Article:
It happens every so often and it always makes me smile.
I saw a lady I know, mother of a teenager, mention the other day her son was learning to "drive a stick," which is slang for learning to drive a car with a manual transmission. Literalists would think that the poor kid is trying to get around town on a broken branch, and how would that look?
She did mention that he stalled the car once. Hey, it happens to the best of us.
I learned to drive on a 1960 Volkswagen, one of the first cars equipped with "260" air conditioning (roll down 2 windows and drive at 60 mph.) It had a manual transmission...four on the floor, plus a handy reverse gear to get out of parking spaces and driveways.
What's really handy about a manual transmission, and I don't know that many people realize this, but you can start a stick-equipped car with a dead battery by getting it to the top of a small hill, letting it roll down in neutral with the clutch engaged and the transmission in 1st gear, and then popping the clutch once the car gains a little speed. Of course, getting your brokedown car to the top of the hill requires three other guys... I did this plenty of times before I came up with the scratch to buy a battery from the Pep Boys.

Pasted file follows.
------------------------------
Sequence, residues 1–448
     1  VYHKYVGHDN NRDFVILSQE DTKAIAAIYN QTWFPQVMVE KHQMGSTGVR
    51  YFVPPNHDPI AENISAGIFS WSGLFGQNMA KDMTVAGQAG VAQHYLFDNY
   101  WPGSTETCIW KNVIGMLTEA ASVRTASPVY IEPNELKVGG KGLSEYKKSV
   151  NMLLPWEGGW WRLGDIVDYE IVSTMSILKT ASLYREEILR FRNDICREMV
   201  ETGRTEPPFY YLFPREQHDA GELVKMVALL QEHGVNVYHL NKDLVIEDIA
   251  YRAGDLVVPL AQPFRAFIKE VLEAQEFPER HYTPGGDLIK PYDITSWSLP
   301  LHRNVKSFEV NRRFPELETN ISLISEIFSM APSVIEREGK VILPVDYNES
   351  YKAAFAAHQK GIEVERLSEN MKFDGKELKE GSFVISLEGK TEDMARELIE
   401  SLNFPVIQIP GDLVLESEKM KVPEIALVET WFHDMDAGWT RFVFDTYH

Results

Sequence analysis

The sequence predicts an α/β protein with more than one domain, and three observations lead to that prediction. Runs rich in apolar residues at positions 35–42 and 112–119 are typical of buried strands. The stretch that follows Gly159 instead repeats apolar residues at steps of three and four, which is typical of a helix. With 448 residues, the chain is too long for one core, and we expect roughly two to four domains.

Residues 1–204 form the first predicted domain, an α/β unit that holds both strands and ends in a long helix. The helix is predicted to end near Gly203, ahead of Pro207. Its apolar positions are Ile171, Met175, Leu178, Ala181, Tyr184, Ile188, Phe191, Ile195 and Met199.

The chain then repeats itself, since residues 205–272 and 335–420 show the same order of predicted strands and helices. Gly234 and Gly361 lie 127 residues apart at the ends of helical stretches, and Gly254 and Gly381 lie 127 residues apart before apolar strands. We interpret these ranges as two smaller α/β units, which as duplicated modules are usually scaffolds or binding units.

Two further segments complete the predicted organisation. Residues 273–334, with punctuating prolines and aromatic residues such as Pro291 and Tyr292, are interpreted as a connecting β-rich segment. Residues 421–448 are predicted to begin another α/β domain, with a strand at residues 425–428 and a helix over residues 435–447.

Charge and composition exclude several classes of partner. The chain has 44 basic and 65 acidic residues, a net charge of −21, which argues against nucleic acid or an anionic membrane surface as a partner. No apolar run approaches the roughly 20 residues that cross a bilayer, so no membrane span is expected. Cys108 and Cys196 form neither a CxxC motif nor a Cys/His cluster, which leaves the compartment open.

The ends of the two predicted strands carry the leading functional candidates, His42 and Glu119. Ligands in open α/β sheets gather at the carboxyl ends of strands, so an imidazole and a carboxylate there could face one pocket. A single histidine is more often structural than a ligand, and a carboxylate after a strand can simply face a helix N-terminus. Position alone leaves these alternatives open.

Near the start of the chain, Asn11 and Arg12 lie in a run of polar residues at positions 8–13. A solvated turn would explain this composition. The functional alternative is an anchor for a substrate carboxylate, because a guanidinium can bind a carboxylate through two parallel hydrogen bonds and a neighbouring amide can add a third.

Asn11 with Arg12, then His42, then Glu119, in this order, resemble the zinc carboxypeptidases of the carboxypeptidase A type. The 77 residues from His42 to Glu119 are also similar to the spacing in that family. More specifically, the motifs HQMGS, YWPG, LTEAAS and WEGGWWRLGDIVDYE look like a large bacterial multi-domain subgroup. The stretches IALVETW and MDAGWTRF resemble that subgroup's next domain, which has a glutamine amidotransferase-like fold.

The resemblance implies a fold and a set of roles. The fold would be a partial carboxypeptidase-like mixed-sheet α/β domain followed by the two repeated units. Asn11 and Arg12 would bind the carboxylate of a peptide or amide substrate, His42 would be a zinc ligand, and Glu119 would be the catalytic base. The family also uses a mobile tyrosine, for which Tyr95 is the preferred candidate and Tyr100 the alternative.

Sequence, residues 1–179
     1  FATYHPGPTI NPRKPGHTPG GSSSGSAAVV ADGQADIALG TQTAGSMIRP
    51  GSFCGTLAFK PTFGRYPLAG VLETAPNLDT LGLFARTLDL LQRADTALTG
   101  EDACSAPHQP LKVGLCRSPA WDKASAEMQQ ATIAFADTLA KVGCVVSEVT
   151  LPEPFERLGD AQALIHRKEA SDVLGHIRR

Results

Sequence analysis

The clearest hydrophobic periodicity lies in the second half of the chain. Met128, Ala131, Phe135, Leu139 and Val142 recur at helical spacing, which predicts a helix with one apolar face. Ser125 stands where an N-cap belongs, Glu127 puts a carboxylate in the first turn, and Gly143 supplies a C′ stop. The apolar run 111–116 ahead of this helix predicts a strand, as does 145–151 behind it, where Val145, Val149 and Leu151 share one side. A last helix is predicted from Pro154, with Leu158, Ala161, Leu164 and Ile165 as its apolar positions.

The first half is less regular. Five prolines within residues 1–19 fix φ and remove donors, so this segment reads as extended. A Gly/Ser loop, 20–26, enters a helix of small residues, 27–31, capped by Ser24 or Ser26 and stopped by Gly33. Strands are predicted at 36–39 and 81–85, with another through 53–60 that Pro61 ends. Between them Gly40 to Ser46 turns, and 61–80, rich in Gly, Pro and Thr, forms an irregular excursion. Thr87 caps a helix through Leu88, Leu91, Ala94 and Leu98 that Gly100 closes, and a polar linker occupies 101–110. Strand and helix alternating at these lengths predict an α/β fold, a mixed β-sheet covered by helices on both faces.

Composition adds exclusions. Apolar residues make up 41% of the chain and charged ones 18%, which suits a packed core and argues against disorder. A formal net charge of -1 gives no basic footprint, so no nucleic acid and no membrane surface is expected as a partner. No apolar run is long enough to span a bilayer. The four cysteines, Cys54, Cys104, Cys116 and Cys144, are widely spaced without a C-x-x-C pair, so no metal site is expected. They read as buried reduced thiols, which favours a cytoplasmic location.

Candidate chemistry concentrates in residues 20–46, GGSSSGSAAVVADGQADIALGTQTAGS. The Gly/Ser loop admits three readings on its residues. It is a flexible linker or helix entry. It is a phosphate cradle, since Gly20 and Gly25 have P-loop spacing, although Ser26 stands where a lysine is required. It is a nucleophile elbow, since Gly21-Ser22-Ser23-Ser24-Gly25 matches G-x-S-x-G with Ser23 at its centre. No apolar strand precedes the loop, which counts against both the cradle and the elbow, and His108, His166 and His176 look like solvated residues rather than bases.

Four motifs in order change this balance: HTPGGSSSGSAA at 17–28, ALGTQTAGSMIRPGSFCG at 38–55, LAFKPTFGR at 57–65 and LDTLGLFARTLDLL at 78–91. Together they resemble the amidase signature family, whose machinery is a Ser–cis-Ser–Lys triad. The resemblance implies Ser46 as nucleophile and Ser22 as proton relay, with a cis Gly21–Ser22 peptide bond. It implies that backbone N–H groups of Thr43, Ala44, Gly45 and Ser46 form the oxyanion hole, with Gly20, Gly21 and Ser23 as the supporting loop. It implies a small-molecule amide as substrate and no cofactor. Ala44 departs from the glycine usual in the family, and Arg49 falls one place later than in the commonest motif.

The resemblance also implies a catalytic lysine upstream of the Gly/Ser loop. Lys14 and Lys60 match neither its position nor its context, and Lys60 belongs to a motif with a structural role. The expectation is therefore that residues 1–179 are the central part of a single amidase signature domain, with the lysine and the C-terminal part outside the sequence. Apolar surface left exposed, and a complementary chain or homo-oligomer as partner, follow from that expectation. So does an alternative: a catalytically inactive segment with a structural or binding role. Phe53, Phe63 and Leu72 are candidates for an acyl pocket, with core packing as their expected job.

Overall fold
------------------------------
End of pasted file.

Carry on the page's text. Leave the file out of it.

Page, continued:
And this was so long ago, Manny was still smoking!
Now, the only Manny who matters is Machado, and I don't know what he drives, but I think everyone should learn to drive a stick...and then not drive a stick. Sure, it's fun when you first get a truck or car, yanking that lever, pushing in the clutch, letting out that clutch...and that's just your left leg. Your right leg is working the gas. Your right arm is working the radio or holding a soda, and there is some steering being done by the left hand, which is also holding a taco or an electric razor or a mascara wand.
And then, after a month or less, shifting gears every three seconds is far less fun than it was when you were playing Indy Champ video games, and you are ready for an automatic transmission.
But you won't forget how to drive a stick! I once had to borrow a buddy's truck to haul home some paneling from Hechinger's, and first I had to jump start it, and then I remembered how to shift, after 17 years of being shiftless.
It's like falling off a bike. You never forget how!